Want to get your physicians enthused about your new EHR? Nix the big educational lectures and set a good example.
Your practice may have implemented an EHR system, but are all the clinicians you work with excited about it? Are they actively using it on a daily basis?
If not, you’re not alone. Many healthcare organizations that have implemented EHRs are having trouble getting physicians to embrace them - and use them on a regular basis beyond minimum federal requirements. And there are a number of reasons why.
“I hear things like ‘lack of resources,’ ‘not intuitive,’ ‘clinician resistance,’ ‘inadequate training,’ and that they’re already busy with the ICD-10 transition,” said Heather Haugen, director of Health Information Technology CLSC Program at University of Colorado, who spoke at the HIMSS 2011 conference session, “A Prescription for Achieving Long-Term EMR Adoption.”
The good news, said Hague, is that once a healthcare organization has clinician buy-in, the organization may begin to enjoy some of the benefits of having an EHR system, which include better patient outcomes and higher patient-satisfaction rates.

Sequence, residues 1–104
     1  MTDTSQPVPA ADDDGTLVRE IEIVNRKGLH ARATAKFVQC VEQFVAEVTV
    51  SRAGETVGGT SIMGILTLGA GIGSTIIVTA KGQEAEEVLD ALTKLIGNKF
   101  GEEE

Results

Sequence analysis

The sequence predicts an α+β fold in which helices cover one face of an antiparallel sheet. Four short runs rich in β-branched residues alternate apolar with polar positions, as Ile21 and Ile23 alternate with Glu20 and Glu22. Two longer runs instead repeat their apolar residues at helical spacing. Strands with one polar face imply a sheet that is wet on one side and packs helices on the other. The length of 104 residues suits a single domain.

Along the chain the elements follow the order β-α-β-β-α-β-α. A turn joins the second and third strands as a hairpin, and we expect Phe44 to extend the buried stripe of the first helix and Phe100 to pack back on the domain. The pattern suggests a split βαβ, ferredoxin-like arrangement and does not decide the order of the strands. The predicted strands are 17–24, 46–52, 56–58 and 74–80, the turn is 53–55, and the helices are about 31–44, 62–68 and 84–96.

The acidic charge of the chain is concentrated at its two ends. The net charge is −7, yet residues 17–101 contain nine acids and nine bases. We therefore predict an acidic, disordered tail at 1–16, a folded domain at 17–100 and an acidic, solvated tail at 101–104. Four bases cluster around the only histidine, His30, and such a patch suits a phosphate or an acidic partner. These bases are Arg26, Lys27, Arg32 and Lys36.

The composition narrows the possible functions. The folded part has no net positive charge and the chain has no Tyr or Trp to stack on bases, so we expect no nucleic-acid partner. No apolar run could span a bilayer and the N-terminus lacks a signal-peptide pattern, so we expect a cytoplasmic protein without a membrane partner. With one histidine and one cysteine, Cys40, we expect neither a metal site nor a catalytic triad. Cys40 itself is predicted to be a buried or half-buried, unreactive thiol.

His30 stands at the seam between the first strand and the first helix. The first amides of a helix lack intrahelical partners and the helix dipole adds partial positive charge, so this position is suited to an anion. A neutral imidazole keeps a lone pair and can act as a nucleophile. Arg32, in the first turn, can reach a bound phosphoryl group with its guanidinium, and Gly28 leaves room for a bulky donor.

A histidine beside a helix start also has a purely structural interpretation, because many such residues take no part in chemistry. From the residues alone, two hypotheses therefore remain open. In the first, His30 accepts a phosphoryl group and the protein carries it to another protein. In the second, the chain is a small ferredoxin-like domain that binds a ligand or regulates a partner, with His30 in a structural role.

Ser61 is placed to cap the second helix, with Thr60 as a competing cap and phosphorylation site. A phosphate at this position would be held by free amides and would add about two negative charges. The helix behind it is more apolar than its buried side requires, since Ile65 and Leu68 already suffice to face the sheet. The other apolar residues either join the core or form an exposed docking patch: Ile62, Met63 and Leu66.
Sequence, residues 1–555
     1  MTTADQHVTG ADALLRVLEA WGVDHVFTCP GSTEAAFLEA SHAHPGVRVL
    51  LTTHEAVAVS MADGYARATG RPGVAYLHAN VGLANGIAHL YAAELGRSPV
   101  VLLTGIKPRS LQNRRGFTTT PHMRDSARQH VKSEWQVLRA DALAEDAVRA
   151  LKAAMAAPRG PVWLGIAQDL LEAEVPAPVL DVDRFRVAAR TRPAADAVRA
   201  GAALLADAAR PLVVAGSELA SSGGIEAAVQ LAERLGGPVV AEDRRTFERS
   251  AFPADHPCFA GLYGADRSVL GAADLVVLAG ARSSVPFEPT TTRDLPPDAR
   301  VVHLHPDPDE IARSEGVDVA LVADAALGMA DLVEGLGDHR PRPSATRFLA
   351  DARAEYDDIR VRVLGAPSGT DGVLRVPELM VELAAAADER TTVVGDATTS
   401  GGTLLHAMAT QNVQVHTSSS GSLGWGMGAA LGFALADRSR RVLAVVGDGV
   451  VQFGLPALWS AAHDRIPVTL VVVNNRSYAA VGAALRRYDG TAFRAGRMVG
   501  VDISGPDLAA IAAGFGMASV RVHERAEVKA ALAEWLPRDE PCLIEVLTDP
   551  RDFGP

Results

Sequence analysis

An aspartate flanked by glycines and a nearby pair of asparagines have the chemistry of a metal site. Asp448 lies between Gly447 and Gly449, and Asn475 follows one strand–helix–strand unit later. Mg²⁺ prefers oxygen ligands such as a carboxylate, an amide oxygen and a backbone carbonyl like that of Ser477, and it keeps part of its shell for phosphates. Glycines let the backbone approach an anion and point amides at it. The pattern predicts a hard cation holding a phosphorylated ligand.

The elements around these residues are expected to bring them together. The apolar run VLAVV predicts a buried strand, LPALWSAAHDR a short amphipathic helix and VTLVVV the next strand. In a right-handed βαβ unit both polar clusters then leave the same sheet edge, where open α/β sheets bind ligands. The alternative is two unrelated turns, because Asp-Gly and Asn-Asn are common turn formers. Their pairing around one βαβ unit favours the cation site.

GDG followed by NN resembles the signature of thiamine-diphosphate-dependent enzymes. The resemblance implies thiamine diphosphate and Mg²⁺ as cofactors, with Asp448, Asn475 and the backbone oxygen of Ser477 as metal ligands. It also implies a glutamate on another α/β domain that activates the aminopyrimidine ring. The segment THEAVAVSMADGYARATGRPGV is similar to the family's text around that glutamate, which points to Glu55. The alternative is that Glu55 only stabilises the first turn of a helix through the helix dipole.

So, how does a practice get physicians revved up about new technology?
The first step is making sure your practice’s management is actively engaged in purchasing and implementing the EHR, and enthusiastic about making a change from paper-based transactions.
“Physician adoption [of EHRs] is highly dependent on engaged leadership,” said Hague.
The best way to engage clinicians is by making sure training sessions are active, hands-on opportunities, rather than multi-hour lectures.
Many clinicians are told how to use an EHR system in a group lecture setting. But unless they’re actually using it to execute tasks like inputting blood-pressure levels or checking in patients, they’re not going to learn much by watching demonstrations, Hague said, noting that when U.S. pilots had to convert from analog to digital systems in the 1980s, they trained by sitting inside flight simulators that mimicked planes.
“Traditional training methods drive clinicians nuts, and we don’t have time for it,” said Hague.
Another way to make sure clinicians are engaged in learning and using your practice’s EHR is to treat EHR adoption like it is a top priority, just as important as making the transition from ICD-9 to ICD-10 codes. One way to do this is to explain how EHR use is tied to clinical and financial outcomes, said Hague.
For example, if the physicians can see a clear example of how using an EHR is tied to a lower adverse-event incident rate, they’re more likely to want to use the technology.
“Focus on outcomes, not just going live,” Hague said.
Marisa Torrieri is associate editor for Physicians Practice. She can be reached at firstname.lastname@example.org.
Check out our full coverage of the HIMSS 2011 conference here.